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Date:      Sun, 04 Aug 2013 20:01:36 -0600
From:      Gary Aitken <>
To:        Frank Leonhardt <>
Subject:   Re: AMD Phenom II X4 temperature issues  (was Re: hardware monitor)
Message-ID:  <>
In-Reply-To: <>
References:  <> <> <> <> <>

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On 08/04/13 18:30, Frank Leonhardt wrote:
> On 05/08/2013 00:29, Gary Aitken wrote:
>> On 08/04/13 17:22, Gary Aitken wrote:
>>> Ok, so now I see that my cpu temperature shoots up pretty dang
>>> fast when a build is going on.
>>> I'm running an AMD Phenom II X4 with the AMD-supplied fan in an 
>>> ASUS M4A89TD PRO / USB3 motherboard.
>>> The system "works fine" unless I start a cpu-intensive build. If
>>> I leave it unattended, after some time the system shuts down
>>> abruptly. I'm guessing it's because of excessive cpu
>>> temperatures.
>>> When doing port builds, or any cpu-intensive job, the temperature
>>> of the CPU goes from 45 to 50 in about 30 seconds. I pretty much
>>> have to manually suspend and resume the build process to keep it
>>> down.  If I do that, I avoid the abrupt shutdown.
>>> Needless to say, this makes unattended operation a
>>> non-starter...
>>> Does anyone else have a similar setup they can provide me some
>>> related experience on?
>> BTW, the mobo temp stays down around 32.
> Did you get that from the ACPI?

I think so; via amdtemp and xmbmon

> Obvious answers are a bigger fan, but a lot of home-build machines
> don't match the airflow through the case properly - if the CPU fan is
> blowing pre-warmed air on to the CPU it's not as good as blowing
> outside air.
> 50C isn't crazy. Some would say that was barely warm, in fact. Cooler
> is always better, but you possibly don't need to worry about this.
> Some CPUs use what they call passive temperature management, and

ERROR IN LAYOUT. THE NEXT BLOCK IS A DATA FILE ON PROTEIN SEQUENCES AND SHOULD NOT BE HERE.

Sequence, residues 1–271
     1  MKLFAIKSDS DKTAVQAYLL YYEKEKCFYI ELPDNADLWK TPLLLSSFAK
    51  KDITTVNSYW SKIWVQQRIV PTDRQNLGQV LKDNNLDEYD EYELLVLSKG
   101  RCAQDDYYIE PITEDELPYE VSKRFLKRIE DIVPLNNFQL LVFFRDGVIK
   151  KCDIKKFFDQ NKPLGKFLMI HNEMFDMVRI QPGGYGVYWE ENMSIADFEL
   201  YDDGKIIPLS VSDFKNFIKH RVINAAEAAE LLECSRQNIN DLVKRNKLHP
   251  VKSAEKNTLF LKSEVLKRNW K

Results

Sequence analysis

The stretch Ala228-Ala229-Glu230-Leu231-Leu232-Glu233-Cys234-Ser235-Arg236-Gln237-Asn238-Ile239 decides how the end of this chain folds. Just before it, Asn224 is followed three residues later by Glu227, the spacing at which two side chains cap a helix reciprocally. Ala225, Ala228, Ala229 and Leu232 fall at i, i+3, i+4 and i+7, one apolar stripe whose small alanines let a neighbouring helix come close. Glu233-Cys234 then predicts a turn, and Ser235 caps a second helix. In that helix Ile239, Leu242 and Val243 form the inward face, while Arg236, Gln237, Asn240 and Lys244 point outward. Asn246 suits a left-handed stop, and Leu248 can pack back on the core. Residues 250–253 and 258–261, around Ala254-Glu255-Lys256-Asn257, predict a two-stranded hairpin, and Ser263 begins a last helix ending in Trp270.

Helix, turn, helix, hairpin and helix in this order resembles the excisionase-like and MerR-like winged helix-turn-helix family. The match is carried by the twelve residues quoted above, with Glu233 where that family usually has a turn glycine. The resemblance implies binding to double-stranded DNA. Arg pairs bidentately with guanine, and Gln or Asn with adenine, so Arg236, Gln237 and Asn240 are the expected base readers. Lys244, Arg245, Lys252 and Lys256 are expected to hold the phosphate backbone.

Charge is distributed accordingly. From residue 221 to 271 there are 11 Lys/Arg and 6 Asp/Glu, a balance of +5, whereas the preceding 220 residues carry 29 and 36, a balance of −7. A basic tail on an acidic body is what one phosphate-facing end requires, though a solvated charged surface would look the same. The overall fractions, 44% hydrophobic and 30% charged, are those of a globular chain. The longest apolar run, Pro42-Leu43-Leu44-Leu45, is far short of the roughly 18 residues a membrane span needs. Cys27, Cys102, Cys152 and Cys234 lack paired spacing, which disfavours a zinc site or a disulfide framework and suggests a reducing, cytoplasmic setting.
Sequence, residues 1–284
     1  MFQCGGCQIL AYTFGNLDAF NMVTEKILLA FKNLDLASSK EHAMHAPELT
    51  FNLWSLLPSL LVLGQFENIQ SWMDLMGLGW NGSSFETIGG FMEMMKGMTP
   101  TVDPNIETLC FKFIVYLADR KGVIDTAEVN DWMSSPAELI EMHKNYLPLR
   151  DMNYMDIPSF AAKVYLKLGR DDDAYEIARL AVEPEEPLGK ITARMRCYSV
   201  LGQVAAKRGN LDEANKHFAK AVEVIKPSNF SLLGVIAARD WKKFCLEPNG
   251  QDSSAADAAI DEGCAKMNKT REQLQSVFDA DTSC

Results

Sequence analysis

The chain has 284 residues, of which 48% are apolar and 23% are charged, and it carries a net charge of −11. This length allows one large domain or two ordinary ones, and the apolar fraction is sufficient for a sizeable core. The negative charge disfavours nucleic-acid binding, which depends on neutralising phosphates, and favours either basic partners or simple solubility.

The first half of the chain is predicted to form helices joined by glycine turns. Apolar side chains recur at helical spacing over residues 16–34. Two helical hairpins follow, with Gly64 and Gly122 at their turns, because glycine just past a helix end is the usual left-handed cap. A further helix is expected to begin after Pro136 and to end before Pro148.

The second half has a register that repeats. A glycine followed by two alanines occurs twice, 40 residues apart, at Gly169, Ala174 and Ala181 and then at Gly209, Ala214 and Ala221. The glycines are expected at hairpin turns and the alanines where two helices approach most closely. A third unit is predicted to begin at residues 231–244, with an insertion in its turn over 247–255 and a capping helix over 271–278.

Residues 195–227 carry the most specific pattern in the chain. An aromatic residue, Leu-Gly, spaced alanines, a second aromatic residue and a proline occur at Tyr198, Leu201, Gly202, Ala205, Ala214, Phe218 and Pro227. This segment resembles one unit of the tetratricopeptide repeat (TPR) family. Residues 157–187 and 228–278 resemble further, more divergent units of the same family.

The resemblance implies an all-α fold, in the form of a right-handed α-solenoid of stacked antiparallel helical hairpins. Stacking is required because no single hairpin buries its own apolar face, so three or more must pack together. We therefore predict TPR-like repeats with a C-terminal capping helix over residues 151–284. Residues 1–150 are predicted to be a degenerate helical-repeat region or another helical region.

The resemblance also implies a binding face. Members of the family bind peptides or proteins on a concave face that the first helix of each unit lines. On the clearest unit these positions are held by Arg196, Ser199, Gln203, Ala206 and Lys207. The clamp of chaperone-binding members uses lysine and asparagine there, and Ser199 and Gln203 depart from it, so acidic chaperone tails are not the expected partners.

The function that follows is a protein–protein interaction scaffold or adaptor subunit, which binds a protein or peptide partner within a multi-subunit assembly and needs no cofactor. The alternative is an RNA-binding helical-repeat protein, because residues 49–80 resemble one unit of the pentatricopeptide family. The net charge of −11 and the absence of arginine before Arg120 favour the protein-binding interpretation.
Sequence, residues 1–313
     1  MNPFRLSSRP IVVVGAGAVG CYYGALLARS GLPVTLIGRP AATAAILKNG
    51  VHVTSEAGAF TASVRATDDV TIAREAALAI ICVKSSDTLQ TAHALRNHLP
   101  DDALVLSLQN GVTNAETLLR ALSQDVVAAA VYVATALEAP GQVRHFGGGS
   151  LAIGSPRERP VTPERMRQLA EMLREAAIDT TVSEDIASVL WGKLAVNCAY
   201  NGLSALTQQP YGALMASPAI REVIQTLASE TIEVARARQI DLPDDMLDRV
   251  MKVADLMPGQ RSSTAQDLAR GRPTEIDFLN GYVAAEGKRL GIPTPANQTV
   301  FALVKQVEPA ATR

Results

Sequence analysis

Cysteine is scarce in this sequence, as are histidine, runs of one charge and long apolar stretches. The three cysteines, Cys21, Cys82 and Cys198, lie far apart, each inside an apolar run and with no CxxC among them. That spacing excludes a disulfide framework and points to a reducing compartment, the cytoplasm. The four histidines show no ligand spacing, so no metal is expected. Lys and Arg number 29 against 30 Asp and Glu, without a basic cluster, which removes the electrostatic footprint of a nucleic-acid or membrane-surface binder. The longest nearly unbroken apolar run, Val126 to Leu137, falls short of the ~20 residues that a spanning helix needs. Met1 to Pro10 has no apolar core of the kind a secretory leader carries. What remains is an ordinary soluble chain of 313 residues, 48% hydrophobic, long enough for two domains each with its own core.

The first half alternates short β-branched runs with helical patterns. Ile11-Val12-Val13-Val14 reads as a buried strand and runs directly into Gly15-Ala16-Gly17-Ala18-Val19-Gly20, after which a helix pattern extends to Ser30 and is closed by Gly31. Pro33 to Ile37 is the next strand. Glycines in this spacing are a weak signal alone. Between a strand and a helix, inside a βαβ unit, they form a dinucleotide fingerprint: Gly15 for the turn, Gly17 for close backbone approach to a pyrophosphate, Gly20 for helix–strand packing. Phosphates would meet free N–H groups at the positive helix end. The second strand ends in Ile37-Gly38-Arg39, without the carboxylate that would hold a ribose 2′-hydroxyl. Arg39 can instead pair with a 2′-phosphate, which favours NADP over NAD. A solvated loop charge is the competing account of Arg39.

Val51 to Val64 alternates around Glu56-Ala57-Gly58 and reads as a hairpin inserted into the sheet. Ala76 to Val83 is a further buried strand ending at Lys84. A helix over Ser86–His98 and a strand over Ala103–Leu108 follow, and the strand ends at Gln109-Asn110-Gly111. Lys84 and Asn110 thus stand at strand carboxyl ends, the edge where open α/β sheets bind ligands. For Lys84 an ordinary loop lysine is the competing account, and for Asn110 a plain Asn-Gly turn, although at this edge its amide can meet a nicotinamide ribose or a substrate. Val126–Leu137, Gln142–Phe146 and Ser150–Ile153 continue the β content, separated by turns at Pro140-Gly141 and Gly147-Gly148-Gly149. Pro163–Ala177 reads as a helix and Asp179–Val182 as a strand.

> power management, which means they increase or reduce the clock rate
> depending on the workload and whether it's getting too hot. Faster
> switching means more heat. So getting hotter when doing a lot of work
> makes sense and could be expected. (Winchesters really heat up like
> you wouldn't believe when you move the heads a lot).

Actually, the 50C figure is just where it shoots to for starters.
Mfg specs say 62C max, so I stall the process when it gets around 59
and still climbing steeply.

> Did you get anywhere with the ACPI suggestion (you emailed me
> privately, whether you meant to or not, but didn't mention the
> outcome). There's a lot there in the ACPI you might want to look in
> to, including fan control. If I understand it correctly, "passive
> cooling" will be engaged by acpi_thermal if the cpufreq drivers are
> in use, which may not be what you want. Try
> to make the fan come on and stay on (tz0
> or as appropriate).

The fan is on and stays on all the time at the moment...

> Here's the fun part. Is your system doing a thermal overload
> shutdown? it will say so on the console, or in the message log. You
> didn't say, you just said it "shut down". If it's deciding to shut
> down through over-temperature it does not necesarily mean it's
> overheating; it could be that it has incorrectly set the shutdown
> temperatue for your CPU to be far too low - possibly because it
> doesn't recognise it and is being over-cautious.

There is no indication in messages; the last thing before it shut down
the last time was some su's and root logins.

> it might help if you posted the results of "sysctl hw.acpi.thermal",
> but in the mean time look at:
> hw.acpi.thermal.tz0._HOT hw.acpi.thermal.tz0._CRT
> (replace tz0 with whatever tz you're worried about).

I don't see any of those; here's what shows up in sysctl -a :

hw.acpi.supported_sleep_state: S1 S3 S4 S5
hw.acpi.power_button_state: S5
hw.acpi.sleep_button_state: S1
hw.acpi.lid_switch_state: NONE
hw.acpi.standby_state: S1
hw.acpi.suspend_state: S3
hw.acpi.sleep_delay: 1
hw.acpi.s4bios: 0
hw.acpi.verbose: 0
hw.acpi.disable_on_reboot: 0
hw.acpi.handle_reboot: 0
hw.acpi.reset_video: 0
hw.acpi.cpu.cx_lowest: C1

> The first is the temperature when the system is supposed to stop what
> it's doing and suspend to disk (if it can). When it reaches the value
> on _CRT it'll write a message to the log file and shut down
> immediately to prevent damage. You can set these to whatever you
> want, but you have to set hw.acpi.thermal.user_override to 1 first
> before it will let you. Final trick - make sure you specify the
> temperatures like
> sysctl hw.acpi.thermal.tz0._CRT=80C

# sysctl hw.acpi.thermal.user_override
sysctl: unknown oid 'hw.acpi.thermal.user_override'

obviously, something missing...

I tried loading coretemp, but no additional hw.acpi variables;
and the man page says it is for intel, not amd.

> Don't specify it as 80.0C (as it will display) and don't forget the C
> or it will assume degrees Kelvin!
> Regards, Frank.

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